We stayed at the Shanti lodge which is one of the older lodges in the village. The owner Shanti Galay was extremely helpful and friendly.  I knew that sometime in the 1980s King Birendra had given permission to a photographer Nick Wheeler to document the villagers of Nar and Phu. The book they brought out was called Cloud Dwellers of the Himalaya now sadly out of print. In 2006 Wanda Viequex had visited Nar and Phu with a copy of the book and had managed to show the photographs to many of the villagers who were able to identify themselves so many years ago. In particular she visited the home of "cover" girl Pema Bhutti who was possibly in her seventies at that time.  I was  interested to find out if she was still alive nine years later  in 2015 and also visit her house. Shanti directed us to her house in the village. It was the harvesting season. All the fields had been harvested of barley and on every roof top of every home threshing and winnowing of the grain was taking place. Whole families were busy with this all day and it presented a spectacular sight.  We found the house and found Pema Bhutti's daughter and husband with their grandchildren.  We learnt that Pema had passed away in 2008 after suffering from cancer. They knew about the book but did not have any copy with them . They also confirmed that none of the villagers in Nar would have a copy. 

 Pema 's daughter Pemba Chenzom and husband Mingmar Copel Gurung gave my guide Shyam and me tea in their kitchen. They wondered if it was possible to get some sponsorship for their grandchildren to go to school in Kathmandu.  
From here we continued to walk through the village photographing the houses, harvesting, the village folk which was extremely interesting. Below in the fields of Nar we saw most of the cattle were grazing including yaks, horses and sheep. It was a beautiful sunny day with the peaks above the valley, the pleasant autumn sunshine, the harvesting in full force and the roof tops of the three monasteries glinting in the mellow evening sunshine. At around 4 pm I decided to walk back around 20 minutes the plateau with the ten chortens. The evening sunlight had illuminated them beautifully backed by the peaks of Chombu and Kangaru. We were also able to see Pisang peak above us and Chulu East a popular trekking peak on the Annapurna circuit. Shyam and I sat  on the grass for some time and savoured this idyllic surrounding. Nar is a village where I could happily stay a few days interacting with the village folk and photographing their life and fast vanishing culture.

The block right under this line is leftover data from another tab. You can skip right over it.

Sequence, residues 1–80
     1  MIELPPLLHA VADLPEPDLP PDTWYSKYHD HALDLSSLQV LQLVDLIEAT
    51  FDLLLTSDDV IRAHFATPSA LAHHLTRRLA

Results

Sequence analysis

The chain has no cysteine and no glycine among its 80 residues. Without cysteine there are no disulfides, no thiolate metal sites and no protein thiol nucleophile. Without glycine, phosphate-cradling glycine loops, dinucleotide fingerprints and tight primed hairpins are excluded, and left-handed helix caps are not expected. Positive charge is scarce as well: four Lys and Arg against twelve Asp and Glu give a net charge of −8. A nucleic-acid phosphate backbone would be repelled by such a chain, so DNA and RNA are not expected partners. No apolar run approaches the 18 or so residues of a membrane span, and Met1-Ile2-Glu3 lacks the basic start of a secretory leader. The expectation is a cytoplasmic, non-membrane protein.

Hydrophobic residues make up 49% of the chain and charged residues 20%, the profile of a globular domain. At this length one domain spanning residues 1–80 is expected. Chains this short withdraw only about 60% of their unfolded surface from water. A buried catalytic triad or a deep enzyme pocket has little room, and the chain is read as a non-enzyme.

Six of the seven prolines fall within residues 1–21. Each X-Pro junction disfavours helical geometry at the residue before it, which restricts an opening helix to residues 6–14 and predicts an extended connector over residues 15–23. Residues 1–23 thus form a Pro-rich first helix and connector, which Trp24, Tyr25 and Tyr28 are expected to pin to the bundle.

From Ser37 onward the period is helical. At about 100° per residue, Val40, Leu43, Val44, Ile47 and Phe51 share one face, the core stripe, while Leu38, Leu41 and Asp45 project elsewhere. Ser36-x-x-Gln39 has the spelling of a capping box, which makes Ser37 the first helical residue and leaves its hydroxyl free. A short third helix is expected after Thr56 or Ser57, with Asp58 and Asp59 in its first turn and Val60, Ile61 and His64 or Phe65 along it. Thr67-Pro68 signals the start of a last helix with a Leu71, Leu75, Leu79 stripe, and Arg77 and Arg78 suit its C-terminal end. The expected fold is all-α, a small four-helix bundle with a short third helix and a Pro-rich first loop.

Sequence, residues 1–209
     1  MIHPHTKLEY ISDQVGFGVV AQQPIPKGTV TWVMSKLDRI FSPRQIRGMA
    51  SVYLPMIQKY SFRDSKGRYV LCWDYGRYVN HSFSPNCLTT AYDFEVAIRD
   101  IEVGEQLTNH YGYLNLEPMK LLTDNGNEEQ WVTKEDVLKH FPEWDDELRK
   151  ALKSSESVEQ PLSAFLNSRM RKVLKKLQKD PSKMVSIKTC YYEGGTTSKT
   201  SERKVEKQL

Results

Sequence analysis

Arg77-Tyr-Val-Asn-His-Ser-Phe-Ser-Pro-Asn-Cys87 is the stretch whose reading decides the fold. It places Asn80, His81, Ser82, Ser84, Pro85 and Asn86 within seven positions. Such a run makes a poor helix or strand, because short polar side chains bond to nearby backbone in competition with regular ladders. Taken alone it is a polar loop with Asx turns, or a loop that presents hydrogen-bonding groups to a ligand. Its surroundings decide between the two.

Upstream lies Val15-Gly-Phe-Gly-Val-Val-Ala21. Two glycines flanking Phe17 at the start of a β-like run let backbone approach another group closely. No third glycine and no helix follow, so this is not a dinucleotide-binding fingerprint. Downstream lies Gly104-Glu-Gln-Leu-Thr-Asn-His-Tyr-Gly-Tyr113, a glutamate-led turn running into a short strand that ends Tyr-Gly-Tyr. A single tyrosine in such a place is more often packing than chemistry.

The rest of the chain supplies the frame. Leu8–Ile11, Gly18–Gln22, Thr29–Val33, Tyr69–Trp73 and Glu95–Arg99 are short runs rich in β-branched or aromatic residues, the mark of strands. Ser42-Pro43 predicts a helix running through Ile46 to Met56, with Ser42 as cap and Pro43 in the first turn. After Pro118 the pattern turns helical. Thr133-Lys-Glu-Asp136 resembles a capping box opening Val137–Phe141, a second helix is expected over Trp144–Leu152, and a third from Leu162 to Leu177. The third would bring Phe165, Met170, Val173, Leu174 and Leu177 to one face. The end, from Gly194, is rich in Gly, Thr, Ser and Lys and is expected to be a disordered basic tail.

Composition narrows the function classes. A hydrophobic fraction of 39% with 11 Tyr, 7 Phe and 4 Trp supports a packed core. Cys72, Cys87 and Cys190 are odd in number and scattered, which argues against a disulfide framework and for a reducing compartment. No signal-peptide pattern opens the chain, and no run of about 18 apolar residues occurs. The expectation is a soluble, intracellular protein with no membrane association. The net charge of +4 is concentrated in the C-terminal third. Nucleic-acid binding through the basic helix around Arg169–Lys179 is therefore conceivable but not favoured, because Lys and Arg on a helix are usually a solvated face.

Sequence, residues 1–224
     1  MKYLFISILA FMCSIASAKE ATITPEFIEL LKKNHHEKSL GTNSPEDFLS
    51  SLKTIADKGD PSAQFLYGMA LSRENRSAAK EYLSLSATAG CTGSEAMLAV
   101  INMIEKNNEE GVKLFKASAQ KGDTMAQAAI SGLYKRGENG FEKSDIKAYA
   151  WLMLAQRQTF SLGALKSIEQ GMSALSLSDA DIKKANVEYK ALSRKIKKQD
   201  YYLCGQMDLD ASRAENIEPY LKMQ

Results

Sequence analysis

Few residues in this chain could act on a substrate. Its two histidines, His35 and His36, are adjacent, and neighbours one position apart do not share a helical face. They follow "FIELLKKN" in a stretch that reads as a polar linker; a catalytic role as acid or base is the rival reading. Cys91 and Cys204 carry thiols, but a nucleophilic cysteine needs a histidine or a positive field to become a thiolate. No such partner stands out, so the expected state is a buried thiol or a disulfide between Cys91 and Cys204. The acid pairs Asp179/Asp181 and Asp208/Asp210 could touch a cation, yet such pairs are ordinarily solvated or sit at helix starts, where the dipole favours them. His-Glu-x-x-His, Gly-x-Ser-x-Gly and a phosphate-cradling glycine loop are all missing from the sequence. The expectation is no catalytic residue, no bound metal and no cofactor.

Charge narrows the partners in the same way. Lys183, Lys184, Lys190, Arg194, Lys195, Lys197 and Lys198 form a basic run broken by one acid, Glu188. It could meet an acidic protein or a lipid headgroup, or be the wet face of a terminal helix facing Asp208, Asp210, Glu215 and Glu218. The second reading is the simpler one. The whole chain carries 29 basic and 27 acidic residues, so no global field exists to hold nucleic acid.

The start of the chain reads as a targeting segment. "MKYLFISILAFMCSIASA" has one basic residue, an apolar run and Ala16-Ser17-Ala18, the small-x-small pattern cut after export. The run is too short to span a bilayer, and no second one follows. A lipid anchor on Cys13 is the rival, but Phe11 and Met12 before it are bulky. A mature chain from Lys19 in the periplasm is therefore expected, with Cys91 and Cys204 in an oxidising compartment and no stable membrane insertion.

Harvesting Nar Village
October 7 2015
Nar to Kangla Phedi
The morning dawned clear but I was greeted with the news that one of our group Ashutosh was not feeling well- he had been suffering from a throat infection right through the trek and was now quite breathless. He took the decision sadly to descend to Koto Qupar by making a night stop at Meta. We were sad to see him go but realised in his present condition crossing the pass would be both difficult and risky. After breakfast I went down with Shyam to see the old Samten  Pelgye Ling monastery which had some remarkable old statues. 

Interior Samten Ling monastery